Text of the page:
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Visit Naples on foot

Try our full itinerary along “Spaccanapoli”

Once in Naples the first people you will run into will be taxi drivers. Out of prejudices, a taxi ride implies a witty and often philosophical talk with interesting people.

To visit Naples, follow this route I recommend: ask the driver to bring you to San Martino, a Monastery perched atop Vomero hill, near Castel Sant’Elmo, where the rebels in 1799 took refuge, before being executed by hanging by order of Lord Nelson. On top the city view is breath-taking. Here you can find also the Museum of Christmas crib (presepio, in Italian).

Sant'elmo: tourists seeing Naples

Sant’elmo: tourists seeing Naples. Pic by Flickr User Hillman54

Walk down towards the city centre along Spaccanapoli road. It is the old Decumano Inferiore, the Greek road that passed through the ancient Neapolis. Keep walking and get to Bellini square, where you can admire some Greek-Roman ruins and have lunch at the vegetarian restaurant “Il Sorriso Integrale” (that is “Wholemeal smile”).

The name Spaccanapoli is a local idiom, it means a road that passes straight through the city from North to South, dividing it into districts. It takes different names in the different areas it crosses: somewhere it is called Pasquale Scura street, somewhere else San Biagio dei Librai street or Benedetto Croce street (he used to live here, at number 3!).

Along the Spaccanapoli, you will run into Gesù Novo square, with Santa Chiara church and its wonderful courtyard. Near to San Domenico Maggiore square, there is San Severo chapel, so called from the alchemist who stripped the flesh from two bodies to show the cardiovascular system. It could sound a bit scaring, but the chapel is very interesting.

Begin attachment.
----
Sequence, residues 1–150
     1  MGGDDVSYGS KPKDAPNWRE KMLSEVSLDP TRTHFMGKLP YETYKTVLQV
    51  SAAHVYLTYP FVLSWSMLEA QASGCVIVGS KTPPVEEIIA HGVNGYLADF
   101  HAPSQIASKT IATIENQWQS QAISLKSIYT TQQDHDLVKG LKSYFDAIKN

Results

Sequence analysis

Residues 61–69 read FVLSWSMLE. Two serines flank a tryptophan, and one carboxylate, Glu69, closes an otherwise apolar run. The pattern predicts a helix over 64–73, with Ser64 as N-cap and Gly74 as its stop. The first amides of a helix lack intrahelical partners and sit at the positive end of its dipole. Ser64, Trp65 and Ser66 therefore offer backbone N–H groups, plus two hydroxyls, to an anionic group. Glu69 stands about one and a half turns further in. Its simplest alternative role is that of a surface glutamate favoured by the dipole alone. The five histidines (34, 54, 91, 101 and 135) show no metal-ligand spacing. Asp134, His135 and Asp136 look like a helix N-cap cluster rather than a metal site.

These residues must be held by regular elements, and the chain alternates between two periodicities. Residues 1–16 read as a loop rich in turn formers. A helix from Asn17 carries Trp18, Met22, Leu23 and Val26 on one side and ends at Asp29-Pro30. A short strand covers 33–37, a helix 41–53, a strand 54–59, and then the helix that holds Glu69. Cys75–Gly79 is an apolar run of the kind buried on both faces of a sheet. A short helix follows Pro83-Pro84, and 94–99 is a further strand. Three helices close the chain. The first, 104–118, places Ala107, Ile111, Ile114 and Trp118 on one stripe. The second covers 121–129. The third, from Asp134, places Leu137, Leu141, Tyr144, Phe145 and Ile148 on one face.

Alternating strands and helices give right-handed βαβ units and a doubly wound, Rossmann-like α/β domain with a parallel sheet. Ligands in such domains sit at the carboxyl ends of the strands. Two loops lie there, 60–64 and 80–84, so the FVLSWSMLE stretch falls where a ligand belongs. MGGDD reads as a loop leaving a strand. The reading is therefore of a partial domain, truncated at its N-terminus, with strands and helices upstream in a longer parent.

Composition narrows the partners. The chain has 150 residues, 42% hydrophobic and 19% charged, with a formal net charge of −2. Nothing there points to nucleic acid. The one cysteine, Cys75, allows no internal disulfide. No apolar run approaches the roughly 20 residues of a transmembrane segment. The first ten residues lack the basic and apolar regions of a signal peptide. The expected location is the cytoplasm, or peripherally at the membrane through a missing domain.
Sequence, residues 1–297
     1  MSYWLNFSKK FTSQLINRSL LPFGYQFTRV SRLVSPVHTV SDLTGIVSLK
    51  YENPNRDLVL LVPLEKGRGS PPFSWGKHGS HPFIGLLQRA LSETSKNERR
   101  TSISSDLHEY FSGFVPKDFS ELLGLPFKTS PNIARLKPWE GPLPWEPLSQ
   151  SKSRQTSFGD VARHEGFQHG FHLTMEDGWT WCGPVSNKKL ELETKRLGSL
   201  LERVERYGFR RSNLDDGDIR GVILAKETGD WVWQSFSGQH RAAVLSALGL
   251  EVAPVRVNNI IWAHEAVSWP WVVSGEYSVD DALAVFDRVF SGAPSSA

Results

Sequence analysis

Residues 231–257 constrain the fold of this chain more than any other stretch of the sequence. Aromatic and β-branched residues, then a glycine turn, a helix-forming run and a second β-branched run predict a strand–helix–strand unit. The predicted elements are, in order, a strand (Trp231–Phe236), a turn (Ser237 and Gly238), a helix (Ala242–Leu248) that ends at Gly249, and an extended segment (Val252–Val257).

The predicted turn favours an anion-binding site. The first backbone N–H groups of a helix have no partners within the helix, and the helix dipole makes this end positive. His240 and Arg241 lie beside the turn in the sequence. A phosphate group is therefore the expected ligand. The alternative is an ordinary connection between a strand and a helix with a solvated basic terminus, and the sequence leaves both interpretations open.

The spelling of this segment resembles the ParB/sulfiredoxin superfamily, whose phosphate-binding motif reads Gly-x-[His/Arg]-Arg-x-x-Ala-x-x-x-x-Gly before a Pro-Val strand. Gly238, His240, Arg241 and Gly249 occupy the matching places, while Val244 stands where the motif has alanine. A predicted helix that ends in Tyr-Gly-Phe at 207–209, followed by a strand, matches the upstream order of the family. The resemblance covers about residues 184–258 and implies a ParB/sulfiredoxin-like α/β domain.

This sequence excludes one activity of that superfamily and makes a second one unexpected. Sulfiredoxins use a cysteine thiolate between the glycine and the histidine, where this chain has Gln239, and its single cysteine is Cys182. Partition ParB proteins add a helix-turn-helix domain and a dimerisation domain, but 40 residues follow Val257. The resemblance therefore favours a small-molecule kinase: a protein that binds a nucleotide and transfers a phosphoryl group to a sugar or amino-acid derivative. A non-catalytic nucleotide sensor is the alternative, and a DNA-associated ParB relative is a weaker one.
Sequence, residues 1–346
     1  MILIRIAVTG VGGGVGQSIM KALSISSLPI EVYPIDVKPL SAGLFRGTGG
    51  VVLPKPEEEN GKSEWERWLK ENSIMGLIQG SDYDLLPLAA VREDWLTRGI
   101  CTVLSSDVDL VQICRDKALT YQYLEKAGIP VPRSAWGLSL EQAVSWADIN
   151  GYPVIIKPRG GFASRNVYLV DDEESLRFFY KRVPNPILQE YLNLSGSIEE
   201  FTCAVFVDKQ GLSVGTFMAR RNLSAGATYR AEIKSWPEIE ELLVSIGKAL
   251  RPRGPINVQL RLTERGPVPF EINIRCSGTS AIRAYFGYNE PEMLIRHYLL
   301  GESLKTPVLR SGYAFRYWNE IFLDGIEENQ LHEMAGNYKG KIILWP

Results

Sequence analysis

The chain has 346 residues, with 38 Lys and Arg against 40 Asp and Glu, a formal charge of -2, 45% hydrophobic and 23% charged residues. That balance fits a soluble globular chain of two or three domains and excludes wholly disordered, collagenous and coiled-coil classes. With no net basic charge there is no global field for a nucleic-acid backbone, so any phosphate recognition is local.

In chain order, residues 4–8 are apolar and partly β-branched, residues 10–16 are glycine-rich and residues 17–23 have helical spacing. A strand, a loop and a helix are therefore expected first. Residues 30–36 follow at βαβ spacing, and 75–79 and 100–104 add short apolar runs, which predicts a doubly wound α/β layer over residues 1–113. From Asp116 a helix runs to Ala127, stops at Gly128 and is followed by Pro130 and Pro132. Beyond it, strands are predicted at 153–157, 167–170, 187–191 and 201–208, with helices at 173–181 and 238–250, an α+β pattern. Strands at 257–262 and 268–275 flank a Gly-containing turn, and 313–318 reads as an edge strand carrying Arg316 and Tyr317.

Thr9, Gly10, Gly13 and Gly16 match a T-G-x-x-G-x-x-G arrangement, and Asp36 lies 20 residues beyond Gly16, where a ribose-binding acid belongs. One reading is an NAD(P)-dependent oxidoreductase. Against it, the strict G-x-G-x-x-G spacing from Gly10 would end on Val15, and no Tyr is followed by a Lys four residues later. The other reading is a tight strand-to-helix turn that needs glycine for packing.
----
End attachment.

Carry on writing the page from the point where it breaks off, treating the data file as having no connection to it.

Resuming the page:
Nearby you can’t miss the church of San Gregorio Armeno: a local tradition is to set up different cribs, Italian Presepi, with some figurines representing actual characters from the past and the present. During Christmas time, this place is overcrowded on Saturday and Sunday, you should plan a walk in the weekdays.

Not far from here Nilo little square, which is famous for an hanging tableau with one of Maradona’s hairs!

Castel dell'Ovo, Naples.

Castel dell’Ovo, Naples. Pic by Flickr User Maritè Toledo

Aren’t you tired yet? Walk back along the road through Dante square, Toledo street, Plebiscito square and the Royal Palace. Then your walk could continue to Castel dell’Ovo and its sea village, full of ships, restaurants and art galleries.

Of course, this is just one of the thousands sides of Naples. Another wonderful route could be the one through the subsoil of the city, that starts from Caffè Gambrinus… Next time!


Main pic courtesy of Flickr User Roberto Taddeo

Sant’Elmo pic courtesy of Flickr User Hillman54

Castel dell’Ovo pic courtesy of Flickr User Maritè Toledo

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Syusy Blady

Accidental tourist. Her main passions while traveling: history, archaeology, spirituality, mysteries.

Patrizio Roversi

Accidental tourist. His main passions while traveling: anthropology, economy, lifestyle, food and taste

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